Please use this identifier to cite or link to this item: http://hdl.handle.net/1893/7716
Appears in Collections:Biological and Environmental Sciences Journal Articles
Peer Review Status: Refereed
Title: Cyanobacterial blooms: Statistical models describing risk factors for national-scale lake assessment and lake management
Authors: Carvalho, Laurence
Ferguson, Claire A
Scott, E Marian
Codd, Geoffrey
Davies, P Sian
Tyler, Andrew
Contact Email: a.n.tyler@stir.ac.uk
Keywords: Algal bloom
Blue-green algae
Cyanotoxin
Phosphorus
Restoration
Water framework directive
Issue Date: 15-Nov-2011
Publisher: Elsevier
Citation: Carvalho L, Ferguson CA, Scott EM, Codd G, Davies PS & Tyler A (2011) Cyanobacterial blooms: Statistical models describing risk factors for national-scale lake assessment and lake management, Science of the Total Environment, 409 (24), pp. 5353-5358.
Abstract: Cyanobacterial toxins constitute one of the most high risk categories of waterborne toxic biological substances. For this reason there is a clear need to know which freshwater environments are most susceptible to the development of large populations of cyanobacteria. Phytoplankton data from 134 UK lakes were used to develop a series of Generalised Additive Models and Generalised Additive Mixed Models to describe which kinds of lakes may be susceptible to cyanobacterial blooms using widely available explanatory variables. Models were developed for log cyanobacterial biovolume. Water colour and alkalinity are significant explanatory variables and retention time and TP borderline significant (R2-adj = 21.9%). Surprisingly, the models developed reveal that nutrient concentrations are not the primary explanatory variable; water colour and alkalinity were more important. However, given suitable environments (low colour, neutral-alkaline waters), cyanobacteria do increase with both increasing retention time and increasing TP concentrations, supporting the observations that cyanobacteria are one of the most visible symptoms of eutrophication, particularly in warm, dry summers. The models can contribute to the assessment of risks to public health, at a regional- to national level, helping target lake monitoring and management more cost-effectively at those lakes at the highest risk of breaching World Health Organisation guideline levels for cyanobacteria in recreational waters. The models also inform restoration options available for reducing cyanobacterial blooms, indicating that, in the highest risklakes (alkaline, low colour lakes), risks can generally be lessened through management aimed at reducing nutrient loads and increasing flushing during summer.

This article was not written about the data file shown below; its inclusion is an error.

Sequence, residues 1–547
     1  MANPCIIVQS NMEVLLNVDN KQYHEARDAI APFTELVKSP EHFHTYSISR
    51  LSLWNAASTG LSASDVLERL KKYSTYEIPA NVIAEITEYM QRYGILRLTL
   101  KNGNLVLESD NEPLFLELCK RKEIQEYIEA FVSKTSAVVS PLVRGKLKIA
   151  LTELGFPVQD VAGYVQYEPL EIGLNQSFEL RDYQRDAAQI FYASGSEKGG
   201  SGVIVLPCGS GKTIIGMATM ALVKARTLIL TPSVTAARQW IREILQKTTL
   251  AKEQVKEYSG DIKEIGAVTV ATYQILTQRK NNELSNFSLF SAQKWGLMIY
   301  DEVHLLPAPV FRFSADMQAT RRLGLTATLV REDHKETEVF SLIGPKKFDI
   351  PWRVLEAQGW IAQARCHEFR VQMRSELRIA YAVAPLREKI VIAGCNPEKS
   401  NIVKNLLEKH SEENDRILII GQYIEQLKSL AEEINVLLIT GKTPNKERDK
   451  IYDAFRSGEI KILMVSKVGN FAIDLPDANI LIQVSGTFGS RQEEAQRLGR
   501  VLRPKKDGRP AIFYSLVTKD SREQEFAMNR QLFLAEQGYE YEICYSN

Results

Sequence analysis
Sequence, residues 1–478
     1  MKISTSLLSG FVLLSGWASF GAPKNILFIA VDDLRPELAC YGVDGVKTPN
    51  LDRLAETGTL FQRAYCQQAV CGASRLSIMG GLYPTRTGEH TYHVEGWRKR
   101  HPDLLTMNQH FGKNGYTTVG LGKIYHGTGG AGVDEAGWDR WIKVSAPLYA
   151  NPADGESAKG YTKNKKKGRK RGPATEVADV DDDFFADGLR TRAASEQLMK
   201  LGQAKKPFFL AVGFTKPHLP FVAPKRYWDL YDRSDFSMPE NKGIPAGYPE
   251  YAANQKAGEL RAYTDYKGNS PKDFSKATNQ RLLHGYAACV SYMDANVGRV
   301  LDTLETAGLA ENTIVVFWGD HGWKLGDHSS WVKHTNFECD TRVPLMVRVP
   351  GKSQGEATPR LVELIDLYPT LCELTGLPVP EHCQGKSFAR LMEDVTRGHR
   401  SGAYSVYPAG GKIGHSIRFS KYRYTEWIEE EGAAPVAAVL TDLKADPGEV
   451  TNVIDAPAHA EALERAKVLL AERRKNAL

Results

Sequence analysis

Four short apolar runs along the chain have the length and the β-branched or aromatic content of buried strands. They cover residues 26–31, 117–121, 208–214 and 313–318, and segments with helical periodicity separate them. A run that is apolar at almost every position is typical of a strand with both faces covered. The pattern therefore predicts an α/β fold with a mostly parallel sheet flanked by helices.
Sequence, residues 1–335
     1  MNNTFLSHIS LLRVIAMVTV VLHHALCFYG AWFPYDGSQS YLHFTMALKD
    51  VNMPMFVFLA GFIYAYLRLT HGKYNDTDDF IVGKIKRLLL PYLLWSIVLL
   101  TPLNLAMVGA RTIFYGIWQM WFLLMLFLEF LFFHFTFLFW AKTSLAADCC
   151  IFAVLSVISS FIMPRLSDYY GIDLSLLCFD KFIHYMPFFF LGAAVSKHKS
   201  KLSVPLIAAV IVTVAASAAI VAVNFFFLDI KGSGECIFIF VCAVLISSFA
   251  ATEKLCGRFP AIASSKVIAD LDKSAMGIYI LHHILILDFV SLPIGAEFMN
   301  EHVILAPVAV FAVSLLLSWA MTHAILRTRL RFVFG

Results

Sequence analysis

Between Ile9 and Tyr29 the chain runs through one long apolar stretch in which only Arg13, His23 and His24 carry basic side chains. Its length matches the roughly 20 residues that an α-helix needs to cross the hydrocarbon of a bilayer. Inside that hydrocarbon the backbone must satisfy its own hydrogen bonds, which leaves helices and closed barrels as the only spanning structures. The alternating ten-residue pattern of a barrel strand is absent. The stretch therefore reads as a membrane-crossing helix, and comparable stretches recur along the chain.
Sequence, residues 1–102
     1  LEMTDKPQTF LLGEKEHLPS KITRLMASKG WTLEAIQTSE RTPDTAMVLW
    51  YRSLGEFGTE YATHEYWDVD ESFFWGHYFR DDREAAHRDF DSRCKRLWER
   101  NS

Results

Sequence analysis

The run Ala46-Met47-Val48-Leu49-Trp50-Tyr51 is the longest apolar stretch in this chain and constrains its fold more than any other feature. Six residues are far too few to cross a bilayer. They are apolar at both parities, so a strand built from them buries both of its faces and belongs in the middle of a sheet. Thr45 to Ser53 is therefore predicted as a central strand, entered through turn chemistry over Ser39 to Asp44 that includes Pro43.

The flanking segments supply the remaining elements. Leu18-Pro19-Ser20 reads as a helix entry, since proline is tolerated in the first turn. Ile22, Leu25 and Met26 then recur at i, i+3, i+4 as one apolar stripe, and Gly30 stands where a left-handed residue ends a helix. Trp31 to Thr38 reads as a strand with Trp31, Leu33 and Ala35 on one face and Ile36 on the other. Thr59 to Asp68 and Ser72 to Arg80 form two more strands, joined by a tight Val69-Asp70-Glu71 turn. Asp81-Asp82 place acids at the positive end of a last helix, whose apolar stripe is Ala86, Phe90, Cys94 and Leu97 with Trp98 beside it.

Type: Journal Article
URI: http://hdl.handle.net/1893/7716
URL: http://www.sciencedirect.com/science/article/pii/S004896971101031X
Rights: The publisher does not allow this work to be made publicly available in this Repository. Please use the Request a Copy feature at the foot of the Repository record to request a copy directly from the author. You can only request a copy if you wish to use this work for your own research or private study.
Affiliation: Centre for Ecology & Hydrology (CEH)
University of Glasgow
University of Glasgow
Biological and Environmental Sciences
Environment Agency
Biological and Environmental Sciences

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